vegan toronto

Toronto is having its vegan moment

Plant-based foods are what's up right now on Toronto's dining scene. Thank the internet. Thank Netflix. Thank people like me who pout whenever a server says the soup has cream.

We're not hippies, we're healthy – and our ranks are growing as fast as demand can keep up, both in the 6ix and around the world.

Our city has seen a sharp rise in vegan options over the past few years. Those who were once relegated to a few select restaurants downtown (what up, Fresh and Urban Herbivore?) are emerging from their own kitchens to find everything from vegetarian butcher shops to meat-free McDonald's dupes.

And it's only getting better.

Bloomberg reported earlier this year that global sales of plant-based meat substitutes have gained 8 per cent annually since 2010, reaching about $2 billion in June. That's twice the growth rate of processed meat, to put things in perspective.

We're seeing the effects of this in an explosion of vegan options at the grocery store, in food courts and, more recently, in a string of new restaurants that are 100 per cent vegan.

planta burger

There are zero animal products used in the making of the burgers at the recently opened Planta Burger in the Financial District. Photo by Hector Vasquez.

"It's a very strong position we are taking in food service at the moment," says Chase Hospitality Group president Steven Salm, whose company just replaced its fast seafood restaurant Little Fin with the vegan burger joint Planta Burger.

Chase also owns the posh Planta in Yorkville and will soon be opening a gourmet greens spot called Palm Lane.

"I think people are learning more thanks to the power of social media," he told me by phone. "They're reading things and becoming knowledgeable about diet and lifestyle. This has translated into what they put on their plates."

But, Salm says, it's not so much a move towards veganism as it is about "building a great restaurant that just happens to to serve animal-free products."

planta toronto

Planta brought elevated vegan dining to Yorkville when it opened last year. Photo by Jesse Milns.

"Seventy to 80% of our customers aren't vegan," he says. "They just want to add more plant based food into their diet."

Cara Galloway of Doomie's, The Imperative, and the massively-popular Toronto Vegan Food and Drink Festival has noticed a similar phenomenon.

"Veganism is certainly shedding its tofu and granola stereotypes," she told me, noting that the aforementioned festival has more than doubled in the three years since it launched.

"We get a great variety of guests at the festival. We have vegans who have stuck with us since year one, but we also have many non-vegans who come with friends, family, or on their own to see what all the hype is about."

doomies toronto

Doomie's in Parkdale is known for their vegan take on the Big Mac. Photo by Hector Vasquez.

In response to the demand, Galloway says the company has plans to open three more vegan restaurants in Parkdale (or "vegandale," as she lovingly refers to the West-end hood.)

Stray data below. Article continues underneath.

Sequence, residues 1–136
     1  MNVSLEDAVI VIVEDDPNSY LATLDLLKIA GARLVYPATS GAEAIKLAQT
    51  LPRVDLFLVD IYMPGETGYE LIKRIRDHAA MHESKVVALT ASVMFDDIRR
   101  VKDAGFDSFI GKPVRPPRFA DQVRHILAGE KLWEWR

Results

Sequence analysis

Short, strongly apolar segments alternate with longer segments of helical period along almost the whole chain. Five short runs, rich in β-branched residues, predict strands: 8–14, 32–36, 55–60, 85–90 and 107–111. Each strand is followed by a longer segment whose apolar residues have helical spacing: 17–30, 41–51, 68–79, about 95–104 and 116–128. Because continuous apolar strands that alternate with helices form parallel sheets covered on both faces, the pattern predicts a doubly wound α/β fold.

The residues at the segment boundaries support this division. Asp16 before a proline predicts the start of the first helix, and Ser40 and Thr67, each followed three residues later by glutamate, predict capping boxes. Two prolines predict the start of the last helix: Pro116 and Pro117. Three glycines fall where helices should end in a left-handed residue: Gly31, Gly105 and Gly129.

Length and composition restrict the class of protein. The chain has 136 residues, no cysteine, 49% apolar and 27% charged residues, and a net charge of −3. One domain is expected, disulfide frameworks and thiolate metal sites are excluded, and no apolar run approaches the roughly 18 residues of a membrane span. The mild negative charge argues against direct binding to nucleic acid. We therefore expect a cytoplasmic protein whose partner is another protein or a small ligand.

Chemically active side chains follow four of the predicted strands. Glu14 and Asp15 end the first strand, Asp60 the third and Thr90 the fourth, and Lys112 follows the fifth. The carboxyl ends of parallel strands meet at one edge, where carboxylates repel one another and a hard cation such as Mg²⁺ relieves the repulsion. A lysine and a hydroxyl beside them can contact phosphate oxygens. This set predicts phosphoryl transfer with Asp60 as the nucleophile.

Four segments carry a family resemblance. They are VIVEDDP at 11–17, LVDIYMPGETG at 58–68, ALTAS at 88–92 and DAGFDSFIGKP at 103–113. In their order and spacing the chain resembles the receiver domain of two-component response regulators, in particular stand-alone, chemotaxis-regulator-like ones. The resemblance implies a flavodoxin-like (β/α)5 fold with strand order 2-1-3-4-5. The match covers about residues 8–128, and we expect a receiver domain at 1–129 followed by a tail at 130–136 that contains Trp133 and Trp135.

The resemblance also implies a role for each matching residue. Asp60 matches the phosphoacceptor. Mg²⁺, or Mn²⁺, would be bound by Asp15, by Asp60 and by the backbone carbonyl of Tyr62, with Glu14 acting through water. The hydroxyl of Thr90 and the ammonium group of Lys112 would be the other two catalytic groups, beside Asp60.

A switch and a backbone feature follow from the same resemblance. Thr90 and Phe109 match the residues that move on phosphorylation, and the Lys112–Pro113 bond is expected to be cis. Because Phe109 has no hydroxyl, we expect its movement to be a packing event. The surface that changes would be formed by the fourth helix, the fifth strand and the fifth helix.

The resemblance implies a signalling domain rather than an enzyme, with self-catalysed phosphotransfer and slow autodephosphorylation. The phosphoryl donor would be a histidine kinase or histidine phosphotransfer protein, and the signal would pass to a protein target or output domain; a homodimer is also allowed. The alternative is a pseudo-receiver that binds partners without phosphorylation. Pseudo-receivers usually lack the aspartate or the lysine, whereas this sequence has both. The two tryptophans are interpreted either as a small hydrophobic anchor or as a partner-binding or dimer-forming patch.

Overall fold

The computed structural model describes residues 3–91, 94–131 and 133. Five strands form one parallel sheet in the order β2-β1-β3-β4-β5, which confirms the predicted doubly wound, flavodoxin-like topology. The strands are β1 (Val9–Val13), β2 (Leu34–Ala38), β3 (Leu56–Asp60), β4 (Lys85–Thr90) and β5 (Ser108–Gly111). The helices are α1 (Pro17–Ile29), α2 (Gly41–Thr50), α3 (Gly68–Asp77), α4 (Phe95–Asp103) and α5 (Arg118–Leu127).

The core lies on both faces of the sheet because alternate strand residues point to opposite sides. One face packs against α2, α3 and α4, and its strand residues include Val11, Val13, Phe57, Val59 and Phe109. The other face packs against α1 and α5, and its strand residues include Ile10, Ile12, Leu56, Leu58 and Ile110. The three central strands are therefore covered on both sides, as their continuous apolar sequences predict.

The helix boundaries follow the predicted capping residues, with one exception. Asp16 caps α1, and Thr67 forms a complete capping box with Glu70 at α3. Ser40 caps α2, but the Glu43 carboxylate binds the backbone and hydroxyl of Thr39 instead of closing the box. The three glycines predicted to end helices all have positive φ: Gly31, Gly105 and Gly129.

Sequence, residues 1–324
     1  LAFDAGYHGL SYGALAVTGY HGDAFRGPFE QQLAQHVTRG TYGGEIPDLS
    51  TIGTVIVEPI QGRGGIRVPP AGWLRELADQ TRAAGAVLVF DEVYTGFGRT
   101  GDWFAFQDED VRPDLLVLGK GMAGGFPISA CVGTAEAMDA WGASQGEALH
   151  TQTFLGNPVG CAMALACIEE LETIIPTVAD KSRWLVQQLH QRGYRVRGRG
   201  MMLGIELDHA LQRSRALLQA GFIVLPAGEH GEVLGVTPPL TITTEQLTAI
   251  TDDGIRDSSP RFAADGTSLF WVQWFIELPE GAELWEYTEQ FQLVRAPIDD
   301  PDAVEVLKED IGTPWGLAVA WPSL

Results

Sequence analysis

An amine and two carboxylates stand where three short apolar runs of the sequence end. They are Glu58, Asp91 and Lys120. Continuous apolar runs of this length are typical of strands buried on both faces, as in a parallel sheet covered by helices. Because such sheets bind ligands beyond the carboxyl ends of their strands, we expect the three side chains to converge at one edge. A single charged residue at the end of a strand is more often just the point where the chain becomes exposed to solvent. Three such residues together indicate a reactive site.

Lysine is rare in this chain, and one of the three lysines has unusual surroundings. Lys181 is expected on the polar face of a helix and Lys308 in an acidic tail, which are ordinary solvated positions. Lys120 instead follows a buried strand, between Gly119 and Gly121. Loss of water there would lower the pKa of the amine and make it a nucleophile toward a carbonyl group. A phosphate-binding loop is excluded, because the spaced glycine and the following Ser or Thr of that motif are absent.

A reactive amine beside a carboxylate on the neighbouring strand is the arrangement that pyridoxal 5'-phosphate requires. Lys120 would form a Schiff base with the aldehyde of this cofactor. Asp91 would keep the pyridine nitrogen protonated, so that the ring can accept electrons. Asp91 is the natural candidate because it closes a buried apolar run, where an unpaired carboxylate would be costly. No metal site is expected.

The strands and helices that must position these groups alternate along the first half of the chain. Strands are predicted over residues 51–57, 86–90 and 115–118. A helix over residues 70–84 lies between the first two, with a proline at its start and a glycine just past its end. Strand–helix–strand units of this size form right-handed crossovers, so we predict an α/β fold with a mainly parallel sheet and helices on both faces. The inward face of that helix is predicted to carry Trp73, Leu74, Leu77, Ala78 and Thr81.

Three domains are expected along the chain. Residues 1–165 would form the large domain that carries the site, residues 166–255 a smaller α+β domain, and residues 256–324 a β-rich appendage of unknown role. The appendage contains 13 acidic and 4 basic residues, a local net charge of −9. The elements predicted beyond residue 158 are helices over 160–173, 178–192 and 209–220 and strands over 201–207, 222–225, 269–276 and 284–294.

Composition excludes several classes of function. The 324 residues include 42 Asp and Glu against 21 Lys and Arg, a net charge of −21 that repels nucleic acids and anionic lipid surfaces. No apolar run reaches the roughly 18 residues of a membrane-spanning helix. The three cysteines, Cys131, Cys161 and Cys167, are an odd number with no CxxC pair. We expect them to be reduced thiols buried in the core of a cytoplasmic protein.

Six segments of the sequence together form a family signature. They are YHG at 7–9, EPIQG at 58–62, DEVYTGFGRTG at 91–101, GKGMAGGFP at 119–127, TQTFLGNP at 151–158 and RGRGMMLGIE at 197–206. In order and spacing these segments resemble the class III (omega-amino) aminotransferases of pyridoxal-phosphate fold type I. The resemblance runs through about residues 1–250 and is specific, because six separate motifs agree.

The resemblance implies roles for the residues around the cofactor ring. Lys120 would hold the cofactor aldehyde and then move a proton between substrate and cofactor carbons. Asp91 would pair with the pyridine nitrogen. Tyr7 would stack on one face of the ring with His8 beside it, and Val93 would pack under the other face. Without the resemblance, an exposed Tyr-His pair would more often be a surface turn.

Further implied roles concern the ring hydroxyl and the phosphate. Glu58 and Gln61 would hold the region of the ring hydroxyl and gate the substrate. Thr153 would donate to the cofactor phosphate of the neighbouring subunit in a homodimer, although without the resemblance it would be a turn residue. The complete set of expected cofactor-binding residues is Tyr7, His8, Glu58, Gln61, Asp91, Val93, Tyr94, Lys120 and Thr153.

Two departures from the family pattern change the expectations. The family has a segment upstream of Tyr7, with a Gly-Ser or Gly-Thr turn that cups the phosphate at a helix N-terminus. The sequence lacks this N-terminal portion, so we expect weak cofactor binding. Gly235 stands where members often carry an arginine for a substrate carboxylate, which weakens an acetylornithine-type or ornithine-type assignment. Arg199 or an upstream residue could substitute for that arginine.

"It's incredible to see more and more people interested in seeing what veganism has to offer," she says. "Toronto is a foodie city, so we make sure to have incredible eats on deck."

What separates this most-recent wave of hip vegan spots in the city from the meat-free joints we already love appears to be a focus on food that tastes "like the real thing."

The grain bowls at Kupfert & Kim are great, but my meat-eating friends are a lot more likely to try something like Hogtown Vegan's plant-based Reuben than... anything that looks like it's good for you.

kupfert and kim

Kupfert & Kim has found a winning formula for their mini-chain of vegan restaurants. Photo by Jesse Milns.

Eric Chao is slated to open his first restaurant, Parka Food Co., on Queen Street this fall.

"Our focus is on comfort food classics that have been reinvented to
be wholesome yet indulgent and 100% plant-based," he told me, pointing to dishes like eggplant burgers, tomato basil soup and truffle mushroom mac ('n cheese'.)

Much like Salm, Chao says that the "vegan" part of his restaurant isn't as important as the "delicious" part of his restaurant.

"People seem to genuinely enjoy our food," he says. "And the fact that it's plant-based comes as secondary."

While he thinks that many neighbourhoods around the city are still lacking in plant-based restaurant options, Chao believes that things are changing.

imperative toronto

The Imperative in Parkdale only sells animal-free goods. Photo by Hector Vasquez.

"If you look at many major cities in the U.S. and Europe, they're experiencing a similar trend," he says. "One could potentially see that as an indication of where we are heading in Toronto."

Salm has an even stronger prediction.

"I’m really excited for the next chapter," he told me. "I think the industry is just getting started."

Lead photo by

Hector Vasquez at Planta Burger

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